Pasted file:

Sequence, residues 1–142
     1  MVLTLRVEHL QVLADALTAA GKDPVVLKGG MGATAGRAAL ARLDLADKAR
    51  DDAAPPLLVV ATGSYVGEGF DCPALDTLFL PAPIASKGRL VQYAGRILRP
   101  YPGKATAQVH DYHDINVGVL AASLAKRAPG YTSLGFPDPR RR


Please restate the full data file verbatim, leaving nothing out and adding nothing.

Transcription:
Sequence, residues 1–142
     1  MVLTLRVEHL QVLADALTAA GKDPVVLKGG MGATAGRAAL ARLDLADKAR
    51  DDAAPPLLVV ATGSYVGEGF DCPALDTLFL PAPIASKGRL VQYAGRILRP
   101  YPGKATAQVH DYHDINVGVL AASLAKRAPG YTSLGFPDPR RR